WARNING: Negotiating a higher residual value is going to lower our monthly payments, but we will pay this back in the end. Thus, I do not recommend negotiating this value as we will owe the difference at the end of the lease.

“Lease inception amount” (same as “due at signing” or “drive out” cost) includes all charges that require an up-front payment. This includes taxes, official fees, deposits, first month’s payment, and down payment…

A “Disposition Fee” is some flim-flam charge we pay if we walk away from a lease and turn the car in at the end. I would negotiate this down to zero – just ask.

An “Early Termination Fee” is just like it sounds. If we need to end a lease early, we are assessed this extra fee. I would not negotiate this fee – we should pay a penalty for backing out of a lease contract. With that said, a lease swap is usually a cheaper way of getting out of a lease.

The “Acquisition Fee” (a.k.a. “Lease Inception Fee” or “Origination Fee”) is just a paperwork fee and is negotiable. I would ask to split the fee in half.

Now that you know how to cut through the confusing terminology and jargon, you are better prepared to get more car for less cash.

Time to take action and lease a new car

Remember, the savvy way to drive a car is to lease a new one every few years for life.

And do not fret about mileage limits – because the equity you build (almost always) pays it off when you sell it back to the dealership.

The secret is to jump from one lease to another every 30 months.

Choose a car that boasts at least a 55% residual value at 36 months.

If gas prices are high, search for cars averaging more than 24 miles per gallon.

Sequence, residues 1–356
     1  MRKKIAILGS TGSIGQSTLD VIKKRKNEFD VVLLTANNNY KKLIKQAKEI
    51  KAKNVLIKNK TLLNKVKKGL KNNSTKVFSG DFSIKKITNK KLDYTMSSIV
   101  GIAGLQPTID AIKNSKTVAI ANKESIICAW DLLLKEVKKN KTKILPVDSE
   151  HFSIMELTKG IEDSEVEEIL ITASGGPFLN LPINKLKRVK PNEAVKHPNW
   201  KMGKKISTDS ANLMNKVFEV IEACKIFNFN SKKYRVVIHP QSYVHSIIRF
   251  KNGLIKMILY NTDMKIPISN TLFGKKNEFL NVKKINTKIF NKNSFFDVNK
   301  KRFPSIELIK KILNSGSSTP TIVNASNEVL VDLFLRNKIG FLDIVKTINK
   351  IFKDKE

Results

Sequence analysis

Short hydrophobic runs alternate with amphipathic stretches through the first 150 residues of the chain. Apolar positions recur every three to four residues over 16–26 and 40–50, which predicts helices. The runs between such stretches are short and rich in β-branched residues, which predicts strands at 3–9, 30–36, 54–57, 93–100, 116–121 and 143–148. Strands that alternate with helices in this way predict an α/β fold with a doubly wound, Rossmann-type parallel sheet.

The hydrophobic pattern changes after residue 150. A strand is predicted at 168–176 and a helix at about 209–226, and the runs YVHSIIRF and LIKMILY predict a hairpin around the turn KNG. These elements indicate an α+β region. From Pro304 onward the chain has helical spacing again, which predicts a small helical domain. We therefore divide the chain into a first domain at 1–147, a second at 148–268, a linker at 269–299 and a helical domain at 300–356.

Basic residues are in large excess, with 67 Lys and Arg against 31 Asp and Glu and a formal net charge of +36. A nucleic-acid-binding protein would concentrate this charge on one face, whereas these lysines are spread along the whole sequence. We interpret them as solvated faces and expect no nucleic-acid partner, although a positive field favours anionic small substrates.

Avoid cars without spare tires. Instead, they run on no-flat tires (which are WAY more expensive AND do not last nearly as long as regular tires). Some cars without spares drive with regular tires AND include a fix-a-flat repair kit – not good.

Once you choose a candidate, test drive the car. Do not rush this. Driving a car you hate for 30 months is not fun. Driving a car should be a ton of fun.

Leasing FAQs

What parts of a lease deal are negotiable?

Contrary to rumors and misinformation, everything is negotiable when leasing a car.

Some parts are more negotiable than others. (See my advice above.)

Which is better – leasing or buying?

Again, contrary to misinformation, leasing is almost ALWAYS less expensive than paying cash or financing a car.

The only exception is for some vintage cars (and those who drive just a few thousand miles a year).

Also, leasing allows us to get into newer and safer cars more often – about twice as fast.

Can I use my current car as a trade-in on a new lease?


In fact, the equity in a trade in reduces the Capitalized Cost (the final negotiated price of the car) AND reduces the state’s sales tax we pay.

When we drive a car with high-residual value, we can make a tidy profit.

When we sell our car to a dealer we lease with, it is possible to come away with cash…